C over discs are everywhere. Last year saw tributes to John Lennon and Joni Mitchell, plus the sweeping all-star soundtrack to the Bob Dylan biopic I’m Not There . Patti Smith, Freedy Johnston, Bryan Ferry and countless others recorded cover discs in 2007. We heard serious novelties like Hayseed Dixie’s bluegrass versions of popular metal, and the Easy Star All-Stars’ reggae remakes of entire classic prog-rock albums.
The tide of cover discs is already lapping into 2008; due in February is Mockingbird , a salute to female songwriters by alt-country singer Alison Moorer.
While drafting random best-of-2007 notes, I imagined a fantasy pair of swapped covers. Notorious newcomer Amy Winehouse’s Grammy-nominated “Rehab,” with its nouveau-soul party-girl impudence, is a perfect foil to the dry alcoholic regret of “Choices” from veteran R&B shouter Bettye LaVette’s comeback disc, Scene of the Crime . If they took turns with each other’s song—Winehouse covering “Choices” as if fast-forwarding to the collapse suggested by her own work; LaVette covering “Rehab” as if to retrace angles on her tales of survival—the shared results would be commanding.
Covering a contemporary’s work in the same year isn’t a bad idea. In rock’s earlier days, before dueling post-punk notions of irony and authenticity affected the cover-song tradition, acts often covered current hits for reasons both commercial and artistic.
In pop’s present climate of open diversity, it’s easy to imagine alt-rock waif Feist swapping her lilting hit “1 2 3 4” with young R&B singer Rihanna, who would give Feist her catchy dance-pop hit “Umbrella.” Country babe Miranda Lambert could trade views with stadium rockers Nickelback, treating them to the earthiness of her hit “Famous in a Small Town” while she romped over their boastful hit “Rockstar.”
It’s fact not fantasy that last year both the Foo Fighters and Bruce Springsteen covered the same song by a contemporary. Both heavyweights delivered live versions (see ’em on YouTube, of course) of indie sensation the Arcade Fire’s terrific “Keep the Car Running” from their 2007 disc Neon Bible . Springsteen was even joined by the Arcade Fire for his cover, who at the same show assisted on his stark ’80s tune “State Trooper.” There’s also an early video of the Arcaders covering Bruce’s “Dancing in the Dark.”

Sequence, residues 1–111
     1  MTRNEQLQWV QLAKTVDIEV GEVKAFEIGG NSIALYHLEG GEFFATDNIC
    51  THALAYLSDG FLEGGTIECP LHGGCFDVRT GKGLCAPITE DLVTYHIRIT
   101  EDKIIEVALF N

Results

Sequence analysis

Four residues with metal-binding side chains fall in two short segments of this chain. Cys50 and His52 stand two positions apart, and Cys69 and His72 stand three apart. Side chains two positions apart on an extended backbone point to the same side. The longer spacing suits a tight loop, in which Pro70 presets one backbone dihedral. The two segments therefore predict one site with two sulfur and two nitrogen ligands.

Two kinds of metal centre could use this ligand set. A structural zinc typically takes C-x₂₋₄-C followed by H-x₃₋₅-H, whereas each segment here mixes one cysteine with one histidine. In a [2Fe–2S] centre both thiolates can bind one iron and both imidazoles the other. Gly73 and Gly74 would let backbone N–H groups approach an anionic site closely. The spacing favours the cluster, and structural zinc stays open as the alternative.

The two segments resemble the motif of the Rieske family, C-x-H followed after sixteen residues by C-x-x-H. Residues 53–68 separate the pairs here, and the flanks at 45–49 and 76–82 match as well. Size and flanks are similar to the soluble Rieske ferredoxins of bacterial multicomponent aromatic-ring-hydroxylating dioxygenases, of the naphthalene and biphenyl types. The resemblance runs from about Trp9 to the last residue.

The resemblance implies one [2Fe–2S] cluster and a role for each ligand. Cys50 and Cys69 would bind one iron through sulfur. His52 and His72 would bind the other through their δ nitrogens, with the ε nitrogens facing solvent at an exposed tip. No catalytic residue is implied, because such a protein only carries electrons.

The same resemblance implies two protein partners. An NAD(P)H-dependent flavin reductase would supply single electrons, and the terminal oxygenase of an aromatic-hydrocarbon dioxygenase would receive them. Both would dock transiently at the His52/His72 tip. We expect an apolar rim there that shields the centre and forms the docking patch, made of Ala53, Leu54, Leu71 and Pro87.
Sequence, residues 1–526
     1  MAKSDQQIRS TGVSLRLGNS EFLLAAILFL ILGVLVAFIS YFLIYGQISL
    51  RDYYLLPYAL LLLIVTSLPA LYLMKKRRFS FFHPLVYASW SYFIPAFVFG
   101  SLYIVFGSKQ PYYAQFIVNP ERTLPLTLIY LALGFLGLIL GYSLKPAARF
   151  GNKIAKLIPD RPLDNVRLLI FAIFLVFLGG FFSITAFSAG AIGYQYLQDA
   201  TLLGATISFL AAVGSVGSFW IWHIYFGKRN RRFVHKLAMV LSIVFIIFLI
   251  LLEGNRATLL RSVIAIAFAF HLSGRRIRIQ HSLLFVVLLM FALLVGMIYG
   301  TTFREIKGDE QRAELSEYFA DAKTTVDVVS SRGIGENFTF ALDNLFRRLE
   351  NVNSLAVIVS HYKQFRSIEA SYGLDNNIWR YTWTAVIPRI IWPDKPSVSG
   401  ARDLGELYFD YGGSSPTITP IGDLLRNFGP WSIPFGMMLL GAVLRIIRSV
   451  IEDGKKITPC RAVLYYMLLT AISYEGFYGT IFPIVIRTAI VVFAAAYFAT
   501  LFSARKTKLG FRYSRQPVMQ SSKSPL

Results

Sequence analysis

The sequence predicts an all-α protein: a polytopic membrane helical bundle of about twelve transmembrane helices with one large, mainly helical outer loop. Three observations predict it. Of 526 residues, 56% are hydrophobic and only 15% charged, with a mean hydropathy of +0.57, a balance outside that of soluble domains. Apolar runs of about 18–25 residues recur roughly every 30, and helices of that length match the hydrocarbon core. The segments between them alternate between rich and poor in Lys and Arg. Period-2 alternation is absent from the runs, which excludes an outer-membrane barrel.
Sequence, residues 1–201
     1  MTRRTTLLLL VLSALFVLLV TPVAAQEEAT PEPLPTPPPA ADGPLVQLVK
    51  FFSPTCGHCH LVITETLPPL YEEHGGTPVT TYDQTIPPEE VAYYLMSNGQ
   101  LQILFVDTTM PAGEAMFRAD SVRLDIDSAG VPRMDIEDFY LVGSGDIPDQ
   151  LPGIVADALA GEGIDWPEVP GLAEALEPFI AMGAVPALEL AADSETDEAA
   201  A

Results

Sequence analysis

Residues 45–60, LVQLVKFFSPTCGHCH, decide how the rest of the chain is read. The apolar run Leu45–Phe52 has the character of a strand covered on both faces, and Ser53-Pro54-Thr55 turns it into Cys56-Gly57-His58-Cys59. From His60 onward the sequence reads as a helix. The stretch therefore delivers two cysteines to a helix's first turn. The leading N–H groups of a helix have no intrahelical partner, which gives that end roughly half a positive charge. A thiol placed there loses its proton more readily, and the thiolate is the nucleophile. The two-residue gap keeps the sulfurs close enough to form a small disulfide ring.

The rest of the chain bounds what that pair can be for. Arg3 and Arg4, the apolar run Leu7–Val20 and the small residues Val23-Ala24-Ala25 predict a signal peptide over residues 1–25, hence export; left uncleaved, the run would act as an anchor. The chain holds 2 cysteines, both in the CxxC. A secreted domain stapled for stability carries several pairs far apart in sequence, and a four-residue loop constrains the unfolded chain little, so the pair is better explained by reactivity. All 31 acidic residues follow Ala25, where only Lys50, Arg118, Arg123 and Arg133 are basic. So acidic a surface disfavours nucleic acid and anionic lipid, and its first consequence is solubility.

If it’s feasible to imagine artists swapping hits, and if Bruce and the Arcade Fire have a proven fondness for each other’s songs, then I suggest the ultimate cover swap for recent rock: Bruce covers Neon Bible in its entirety, and the Arcade Fire record a whole new version of his 2007 album Magic .
Why not? These are committed artists who share more than hits. The link between the young Canadians and the Jersey titan has been well noted; both make weighty yet uplifting music with big keyboard-based rock collectives, and as writers, Bruce and Arcade leader Win Butler are driven by themes of religious and social displacement. On these discs, they both repeat imagery in which they’re struggling to orient themselves in post-apocalyptic dreams.
When the Arcaders tackle Magic , they’ll take the aching rocker “Radio Nowhere” and the ruminative title track straight on, and Butler’s paranoia will explode Bruce lyrics like “Leave everything you know / And carry only what you fear.” They’ll give lighter pop fare like “Livin’ in the Future” some murky quirks, but will be right at home with its theme of postwar dread.
In turn, Bruce will make some of his Neon Bible covers sound more normal, rocking the communal synth-pop anthem “No Cars Go,” giving a folk-blues base to the ambient “Ocean of Noise.” But the gravity of “Intervention” and “Windowsill” are ready-made for his sense of deliberate significance, and he’ll relish Butler lyrics like “Every spark of friendship and love / Will die without a home.” Most of all, the Boss will love covering “Black Wave / Bad Vibrations,” as it lifts his lyric “We’ll make it if we run” from “Thunder Road.”
Or maybe these guys should just leave cover discs for the rest of the pack, and make a new album together instead.